From the wilds of Scotland to the suburbs of Surrey, we've got twenty of the UK's best natural mountain bike trails for you to follow.
In no particular order, may we present 20 of the best mountain bike trails in the UK.
If you want to see the full list of all our free-to-download GPS route files head over to our Mountain Bike Routes page.
1. Nan Bield Pass, Lake District
This ride is all about reaching the infamous Nan Bield Pass and experiencing the Kentmere Common descent that follows it. Sunken alpine hairpins, fast stony singletrack, sketchy, mucky gambles, sudden techy chutes, chilling streams, nightmare ruts and some all-out randomness… all set amid an awesome Lakeland valley landscape.
2. Rhyd Ddu, Snowdon, Wales
This mountain circuit will take you to the top of Wales’ highest peak — and back down along a route you’ll never forget. It starts with a steep climb (don’t feel too bad if you need to get off and push — we did) to Bwlch Maesgwm, where you’ll enjoy smooth-rolling singletrack all the way down to the lakeside town of Llanberis.
From here get ready for a long climb that takes in road, track, rock and scree, with a few steep bits where you’ll need to push. It’s worth it, though, for the descent. The first kilometre is very steep and exposed: you’ll be carrying along much of the knife-edge ridge. After that it settles into a steep, rocky and mostly rideable descent back to the valley floor.
3. Torridon, Scotland
From the outset, this splendidly isolated trail ascends consistently and gradually — rarely does such great altitude come so easily. Only in a few places will you need to switch your brain on, and this firm, stony trail is rideable in all conditions, offering considerable grip.
Once over the small wooden bridge, the mountains start to close in, the trail steepens and the challenges begin. Some fighting spirit and strong legs will see you up most of the climb; only in a few places will the best have to push.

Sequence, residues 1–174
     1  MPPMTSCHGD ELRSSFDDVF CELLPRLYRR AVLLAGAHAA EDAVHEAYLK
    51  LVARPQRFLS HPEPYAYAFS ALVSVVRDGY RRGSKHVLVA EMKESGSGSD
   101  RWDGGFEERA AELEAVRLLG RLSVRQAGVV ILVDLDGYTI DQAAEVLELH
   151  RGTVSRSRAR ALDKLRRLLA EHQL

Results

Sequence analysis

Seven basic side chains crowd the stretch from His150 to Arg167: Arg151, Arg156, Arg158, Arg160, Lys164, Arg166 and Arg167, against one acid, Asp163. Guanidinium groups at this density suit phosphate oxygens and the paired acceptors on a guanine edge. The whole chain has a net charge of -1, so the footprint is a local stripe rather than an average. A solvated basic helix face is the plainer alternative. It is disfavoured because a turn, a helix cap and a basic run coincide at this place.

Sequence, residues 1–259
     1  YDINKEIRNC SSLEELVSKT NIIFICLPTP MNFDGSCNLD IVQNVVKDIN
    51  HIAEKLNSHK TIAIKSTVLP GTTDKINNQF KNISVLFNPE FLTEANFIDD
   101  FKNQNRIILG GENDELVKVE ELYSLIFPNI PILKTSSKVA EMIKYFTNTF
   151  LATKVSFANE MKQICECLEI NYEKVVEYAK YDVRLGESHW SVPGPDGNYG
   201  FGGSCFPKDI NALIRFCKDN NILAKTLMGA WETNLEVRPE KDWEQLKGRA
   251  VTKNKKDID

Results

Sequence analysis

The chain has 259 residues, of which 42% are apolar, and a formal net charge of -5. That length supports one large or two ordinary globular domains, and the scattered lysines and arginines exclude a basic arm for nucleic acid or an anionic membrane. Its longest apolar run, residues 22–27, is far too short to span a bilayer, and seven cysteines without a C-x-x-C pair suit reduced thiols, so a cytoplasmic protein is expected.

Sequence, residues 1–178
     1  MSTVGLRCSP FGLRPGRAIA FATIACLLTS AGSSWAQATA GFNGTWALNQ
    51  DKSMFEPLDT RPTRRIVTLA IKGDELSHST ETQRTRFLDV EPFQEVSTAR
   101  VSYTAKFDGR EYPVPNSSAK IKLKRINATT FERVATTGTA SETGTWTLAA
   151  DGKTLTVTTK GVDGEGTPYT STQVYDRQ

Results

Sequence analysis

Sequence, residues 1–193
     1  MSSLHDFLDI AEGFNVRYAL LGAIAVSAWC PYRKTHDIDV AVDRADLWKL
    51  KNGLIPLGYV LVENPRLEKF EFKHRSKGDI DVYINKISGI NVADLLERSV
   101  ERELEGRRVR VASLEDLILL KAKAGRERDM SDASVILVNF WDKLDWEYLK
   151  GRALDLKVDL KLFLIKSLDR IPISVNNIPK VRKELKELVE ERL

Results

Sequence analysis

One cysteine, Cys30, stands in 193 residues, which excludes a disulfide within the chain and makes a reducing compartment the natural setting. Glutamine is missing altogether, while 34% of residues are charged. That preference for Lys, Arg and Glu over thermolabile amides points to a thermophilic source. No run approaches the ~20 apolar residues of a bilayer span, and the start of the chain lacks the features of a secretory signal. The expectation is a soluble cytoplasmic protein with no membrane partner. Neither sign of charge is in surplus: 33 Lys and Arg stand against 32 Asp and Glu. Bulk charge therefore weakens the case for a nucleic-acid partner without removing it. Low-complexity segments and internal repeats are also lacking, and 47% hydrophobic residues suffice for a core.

Once up on Bealach Ban, you are greeted by one of the best views anywhere in the UK. To the north is the Liathach, a collection of Munros arranged along a West-East axis, and it’s here that the terrain of Torridon is at its most striking.
4. Cut Gate Path, Peak District
Cut Gate trail in the Peak District: this is the definitive way to do it. Cut Gate typically poses a real conundrum to a lot of mountain bikers. It’s hard to decide how to fit it into a loop, so it often gets left out and riders head over to the other Peak classics like Jacob’s Ladder or The Beast, both of which are much easier to work into a loop.
There are riders who will tell you that south-to-north is the way to do Cut Gate. There are just as many other riders who will protest that north-to-south is best. They are both wrong… and right. It’s great in either direction.
5. Lairig Ghru, Scotland
6. Ullswater, Lake District
Looking at the stats (13km / 8 miles), this route may appear a bit paltry. But this is the Lake District, and eight miles along Lakeland trails can be a real workout.
This route takes in arguably the Lake District’s finest lake before sending you off round the back of tourist-free nowhere. Then it’s a return to Ullswater via an arduous up, then an adrenaline-tastic down, from the head of the Boredale Valley.
The main ingredient of the ride is the famous Lakeside singletrack alongside the east shore of Ullswater. Although it’s (sort of) alongside a lake, the singletrack is very rarely flat. It’s actually much more like riding along a sawtooth blade, and it’s as much of an extreme trials-like climbing challenge as it is a test of descending skill and nerve.
You’ll be constantly working your body and bike. Hustle, hustle, hustle! Some people bemoan its lack of obvious flow, but more seasoned riders relish the all-round crazy challenge.
7. Stob Bàn, Scotland
8. Quantocks, Somerset
With an early start and healthy pair of legs you can easily get round all of the Quantock Hills’ finest trails in a day. There are few classic UK riding spots that give up all their riches so easily.
This route ticks off almost all of the classics. Alongside the plentiful flowing, natural singletrack, we’ve given you the option to test yourself on some seriously technical descents. Triscombe, at the southern end of the Quantocks, boasts a multitude of challenging downhill runs accessed by a steady fire-road climb.
9. Exmoor, Somerset
The ride starts in Porlock, giving you a chance to stock up on calories — you’ll need them! After a steep climb, the first great singletrack drops through Horner Wood. A couple more punchy climbs lead you to Webber’s Post and a long, rocky singletrack across open moorland to Brockwell.